Week of February 6, 2022:

The Avengers released May 4, 2012 (where to watch)
Item 47 released September 25, 2012
Erik Bates | February 6, 2022
This comment contains spoilers for Spider-Man: Homecoming, Avengers: Infinity War, Captain Marvel, Avengers: Endgame, and Hawkeye. Reveal it.

Erik Bates | February 6, 2022

I know it's a running point of contention with movies like this, but how many people were killed by friendly fire as Barton and Romanov flew through the streets? Or by literally anybody else as they hurl vehicles into buildings, etc?

Scott Hardie | February 6, 2022

The Avengers: This is every bit as entertaining as when it first came out, with the sole exception being that the novelty has worn off. Now that we know that Marvel can pull off this kind of huge superhero crossover and have it be really fun, that spark of joy in seeing it all come together is gone. But it's still everything else that you want in a movie like this, plus a few little details and jokes that I missed the first time. I'm not going to write a list of superlatives because there's no need; it's widely agreed that this remains Marvel's best film or close to it. Instead, random thoughts:

• How fascistic S.H.I.E.L.D. seems in retrospect! That high-tech weaponry and the flying helicarrier and so on looked really cool the first time, but now they look frighteningly dangerous to have in existence. S.H.I.E.L.D. was capable of nuking Manhattan at a moment's notice, and almost did. That's not power that should be in anyone's hands.

• To Erik's point, asking "where the hell was [other hero] during this" is a valid question. To me, the hero whose absence feels most wrong is War Machine. Many others hadn't been introduced cinematically yet, but he had, and his suit's massive firepower would have been a huge help in New York. I am aware that the filmmakers tried to contain what was then considered a convoluted plot and a sprawling character list, and that RDJ had to fight just to get Gwyneth Paltrow added to the film, so bringing in Don Cheadle was probably impossible. But damn, couldn't they at least have written a line of dialogue explaining why Rhodey isn't present? Dude could have had the flu or been unreachable on a remote vacation or something.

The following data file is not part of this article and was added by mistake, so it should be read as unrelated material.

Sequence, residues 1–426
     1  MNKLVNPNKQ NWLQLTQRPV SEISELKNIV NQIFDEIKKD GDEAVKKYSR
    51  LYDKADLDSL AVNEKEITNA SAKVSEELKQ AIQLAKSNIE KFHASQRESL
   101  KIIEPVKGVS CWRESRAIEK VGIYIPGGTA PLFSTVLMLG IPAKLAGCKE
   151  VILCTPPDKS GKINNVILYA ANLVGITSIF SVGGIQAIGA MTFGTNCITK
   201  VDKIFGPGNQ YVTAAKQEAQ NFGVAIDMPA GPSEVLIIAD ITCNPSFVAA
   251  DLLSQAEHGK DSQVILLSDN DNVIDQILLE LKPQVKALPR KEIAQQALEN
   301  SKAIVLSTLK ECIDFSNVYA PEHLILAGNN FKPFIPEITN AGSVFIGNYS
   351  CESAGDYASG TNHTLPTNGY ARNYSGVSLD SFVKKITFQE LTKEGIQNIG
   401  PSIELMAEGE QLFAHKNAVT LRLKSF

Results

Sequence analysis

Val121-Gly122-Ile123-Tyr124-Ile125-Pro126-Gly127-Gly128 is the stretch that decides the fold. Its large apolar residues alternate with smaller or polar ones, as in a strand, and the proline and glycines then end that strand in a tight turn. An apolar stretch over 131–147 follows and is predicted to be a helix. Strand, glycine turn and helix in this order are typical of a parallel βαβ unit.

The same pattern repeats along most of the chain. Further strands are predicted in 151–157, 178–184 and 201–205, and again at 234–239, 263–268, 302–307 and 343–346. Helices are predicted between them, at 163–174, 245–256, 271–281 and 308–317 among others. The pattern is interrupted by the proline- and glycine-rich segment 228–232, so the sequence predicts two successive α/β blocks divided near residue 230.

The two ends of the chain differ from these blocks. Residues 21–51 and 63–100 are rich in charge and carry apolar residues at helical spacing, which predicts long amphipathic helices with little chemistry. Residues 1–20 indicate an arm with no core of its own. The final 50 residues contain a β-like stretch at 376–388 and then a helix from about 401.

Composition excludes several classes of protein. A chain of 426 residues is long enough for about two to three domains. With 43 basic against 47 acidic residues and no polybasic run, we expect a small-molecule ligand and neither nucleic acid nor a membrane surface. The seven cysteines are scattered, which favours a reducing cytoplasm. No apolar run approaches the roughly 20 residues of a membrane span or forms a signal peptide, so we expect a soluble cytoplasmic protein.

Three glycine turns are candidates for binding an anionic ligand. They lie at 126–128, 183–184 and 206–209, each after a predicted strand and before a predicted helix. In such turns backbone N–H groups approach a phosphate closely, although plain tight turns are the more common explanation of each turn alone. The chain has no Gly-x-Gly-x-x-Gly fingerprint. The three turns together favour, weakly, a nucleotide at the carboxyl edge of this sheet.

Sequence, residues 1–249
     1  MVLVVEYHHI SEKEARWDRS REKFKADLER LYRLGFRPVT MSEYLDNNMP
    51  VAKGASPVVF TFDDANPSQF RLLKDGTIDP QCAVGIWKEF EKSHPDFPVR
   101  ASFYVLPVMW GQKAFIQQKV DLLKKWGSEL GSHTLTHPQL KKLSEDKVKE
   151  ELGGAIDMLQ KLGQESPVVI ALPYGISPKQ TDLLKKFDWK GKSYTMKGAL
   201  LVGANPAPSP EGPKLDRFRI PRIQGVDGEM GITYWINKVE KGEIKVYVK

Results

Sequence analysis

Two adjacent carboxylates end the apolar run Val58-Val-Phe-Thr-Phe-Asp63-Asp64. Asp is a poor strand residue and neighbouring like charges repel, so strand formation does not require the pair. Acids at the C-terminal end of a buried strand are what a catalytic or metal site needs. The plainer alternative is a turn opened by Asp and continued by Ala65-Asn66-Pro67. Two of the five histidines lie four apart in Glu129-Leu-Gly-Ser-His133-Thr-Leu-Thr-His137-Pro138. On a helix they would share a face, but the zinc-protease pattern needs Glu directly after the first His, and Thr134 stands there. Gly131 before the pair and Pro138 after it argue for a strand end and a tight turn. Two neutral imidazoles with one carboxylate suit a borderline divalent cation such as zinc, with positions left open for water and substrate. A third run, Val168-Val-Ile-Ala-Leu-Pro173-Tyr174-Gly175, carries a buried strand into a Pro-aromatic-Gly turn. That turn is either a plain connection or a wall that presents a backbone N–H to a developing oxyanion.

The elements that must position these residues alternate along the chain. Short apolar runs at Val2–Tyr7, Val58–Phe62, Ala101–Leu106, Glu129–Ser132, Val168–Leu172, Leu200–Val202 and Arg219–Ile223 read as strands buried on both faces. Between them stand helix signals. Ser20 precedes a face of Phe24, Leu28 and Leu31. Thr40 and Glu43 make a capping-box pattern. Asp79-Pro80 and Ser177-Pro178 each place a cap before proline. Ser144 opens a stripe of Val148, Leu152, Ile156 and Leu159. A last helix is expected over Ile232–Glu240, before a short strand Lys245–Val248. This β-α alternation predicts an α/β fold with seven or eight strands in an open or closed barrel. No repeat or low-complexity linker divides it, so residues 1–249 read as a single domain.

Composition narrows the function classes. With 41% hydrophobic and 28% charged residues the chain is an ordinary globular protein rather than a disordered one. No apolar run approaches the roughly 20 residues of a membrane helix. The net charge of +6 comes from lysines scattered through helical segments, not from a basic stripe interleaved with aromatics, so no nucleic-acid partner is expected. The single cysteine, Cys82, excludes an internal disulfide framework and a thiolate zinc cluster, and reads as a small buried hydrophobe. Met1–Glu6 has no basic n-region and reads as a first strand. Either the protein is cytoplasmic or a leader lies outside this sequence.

• How lucky is Marvel that they planned to release this in 2012 and not 2002? This would have been impossible in the wake of 9/11. Hell, The Incredible Hulk only tore up a few blocks in one neighborhood and even it would have been jeered in 2002 for being in terrible taste. That said, Erik's right on the money about civilian deaths here: This movie wisely doesn't dwell on it, but surely thousands of people were killed as a result of this Chitauri battle, and politicians looking to score points absolutely would try to blame the heroes as the ending montage showed. (And if politicians didn't, lawyers surely would. "Sure you saved the city, but you injured my client in the process." Ka-ching.)

• Loki's use of "quim" brings back a memory. When this movie came out, two of my friends wrote a piece online about how Joss Whedon isn't this feminist genius that everyone thought he was, and that buried under the surface of his "strong female characters" was a misogynist streak. His use here of "quim," a nasty old-fashioned slur on par with today's c-word (and one that was often implied to mean that women existed to be raped for the pleasure of men) was another sign of this. I remember not understanding or believing this at the time, and most other mutual friends reacted like I did. In 2022, after the implosion of Whedon's career and reputation, those two friends seem pretty vindicated.